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‘Australians know’: Germany warns against relying on Beijing

By Matthew Knott

August 22, 2023

Germany’s foreign minister has praised Australia for serving as a role model for resisting Chinese economic coercion, labelling the rising superpower a systemic rival too unpredictable and secretive for other nations to rely on.

In a forceful speech in which she repeatedly name-checked China and warned Chinese President Xi Jinping against invading Taiwan, Annalena Baerbock said Beijing’s rise was challenging the “very fundamentals of how we live together in this world”.

German Foreign Minister Annalena Baerbock’s scheduled trip was cancelled after her government jet suffered mechanical problems. CREDIT: AP

Democratic nations such as Australia and Germany need to “de-risk” their economies by seeking alternative export markets and to work together to prevent developing countries from “pivoting towards China”, Baerbock said.

“Here in Australia, you experienced painfully how China is willing to use economic coercion when it imposed restrictions on key exports like wine, meat and coal to exert political pressure,” she said in a virtual event held by the Lowy Institute think tank on Tuesday night.

“You have actually been a role model in not bowing to that pressure. I want to express my great respect for the courage and resilience, as well as the sense of proportion that you demonstrated.”

Baerbock, a member of the German Greens, was en route to Australia last week for her first visit as foreign minister, but her trip was cancelled when the government jet she was travelling on suffered repeated mechanical difficulties.

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China has transformed so markedly that “all economic interactions” must now be viewed through a geopolitical lens, she said.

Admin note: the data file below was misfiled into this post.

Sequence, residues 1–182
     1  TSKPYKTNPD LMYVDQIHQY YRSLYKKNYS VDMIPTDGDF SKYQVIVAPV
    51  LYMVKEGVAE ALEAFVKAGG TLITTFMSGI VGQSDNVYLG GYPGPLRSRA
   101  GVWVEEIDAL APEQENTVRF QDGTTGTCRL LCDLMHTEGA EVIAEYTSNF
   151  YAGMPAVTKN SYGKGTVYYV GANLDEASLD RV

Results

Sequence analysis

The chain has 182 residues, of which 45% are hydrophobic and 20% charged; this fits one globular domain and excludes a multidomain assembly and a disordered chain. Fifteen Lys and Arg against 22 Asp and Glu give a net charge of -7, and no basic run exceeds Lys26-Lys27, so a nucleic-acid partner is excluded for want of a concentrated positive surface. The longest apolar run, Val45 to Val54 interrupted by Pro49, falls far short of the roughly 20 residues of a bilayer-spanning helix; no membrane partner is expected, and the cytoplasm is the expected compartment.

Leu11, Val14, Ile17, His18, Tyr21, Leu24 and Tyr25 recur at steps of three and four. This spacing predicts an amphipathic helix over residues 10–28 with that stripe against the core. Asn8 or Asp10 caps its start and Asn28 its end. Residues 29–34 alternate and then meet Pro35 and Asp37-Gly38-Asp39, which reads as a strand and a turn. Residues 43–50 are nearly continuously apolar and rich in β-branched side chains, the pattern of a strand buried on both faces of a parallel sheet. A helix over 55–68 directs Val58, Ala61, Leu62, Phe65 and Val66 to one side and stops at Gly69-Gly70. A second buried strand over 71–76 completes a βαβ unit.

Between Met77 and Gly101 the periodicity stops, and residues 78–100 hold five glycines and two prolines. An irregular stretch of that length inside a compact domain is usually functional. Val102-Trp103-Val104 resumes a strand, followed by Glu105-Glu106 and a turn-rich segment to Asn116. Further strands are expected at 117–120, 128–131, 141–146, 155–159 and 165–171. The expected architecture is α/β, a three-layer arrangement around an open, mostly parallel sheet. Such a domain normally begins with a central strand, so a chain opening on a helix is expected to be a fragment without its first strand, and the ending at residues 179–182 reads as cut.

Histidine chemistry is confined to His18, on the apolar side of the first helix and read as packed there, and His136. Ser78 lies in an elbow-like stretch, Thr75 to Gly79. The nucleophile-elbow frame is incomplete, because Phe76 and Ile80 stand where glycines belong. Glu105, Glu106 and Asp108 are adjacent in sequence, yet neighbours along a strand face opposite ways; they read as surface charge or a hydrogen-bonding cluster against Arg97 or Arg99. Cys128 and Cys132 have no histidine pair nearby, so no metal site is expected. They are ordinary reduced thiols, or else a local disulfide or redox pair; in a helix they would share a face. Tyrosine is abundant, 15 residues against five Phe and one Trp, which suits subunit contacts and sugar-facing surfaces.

“China is not always as predictable, transparent and reliable as is needed to allow a stable economic relationship,” she said. “Australians know what this means.”

Australia’s debate about leasing the Port of Darwin to a Chinese company and the banning of Chinese company Huawei from Australia’s 5G network had influenced German policies, she said.

Baerbock has taken a tough line on China, including on human rights, and publicly questioned why Beijing had not called on Russia to end its war against Ukraine when she visited Beijing in April.

Her comments led her Chinese counterpart to respond that “what China needs least are lecturers from the West”.

Baerbock noted Lowy Institute polling showing that 52 per cent of Australians perceive China as more of a security threat than economic partner, up from 12 per cent five years ago.

“You, as a closer neighbour, have realised earlier than us what we have now also laid out in our government’s China strategy: China has changed, and that’s why our policy towards China also needs to change,” she said.

“To us, China is not only a partner, but also, more and more, a competitor and systemic rival.”

Australian Minister for Foreign Affairs Penny Wong meets Baerbock in New Delhi, India in March 2023.

While China serves as a partner on trade, investment and tackling climate change, Baerbock said that it is increasingly a rival “when it comes to the very fundamentals of how we live together in this world: the principles of our international order and respect for human rights”.

Pointing out that half of all the world’s container ships pass through the Taiwan Strait carrying crucial supplies, Baerbock warned: “Any unilateral change in the status quo across the Taiwan Strait would be unacceptable, even more so if this were to include coercive or military means.”

While stressing that Germany did not want to promote a Cold War-style “confrontation between blocs”, she argued that democracies need to do a better job of countering Chinese economic diplomacy in developing nations.

“We see how numerous countries are pivoting more towards China, and we have to be honest about this,” she said. “Often, this is due to a lack of alternatives. We want to change this.” Baerbock said the war in Ukraine had offered Germany a painful lesson about how it had become overly dependent on energy imported from Russia. “We don’t want to repeat that mistake,” she said.

Germany has become the second-biggest donor of military aid to Ukraine after the United States in a stunning reversal of the country’s post-WWII policy not to send weapons into conflict zones.


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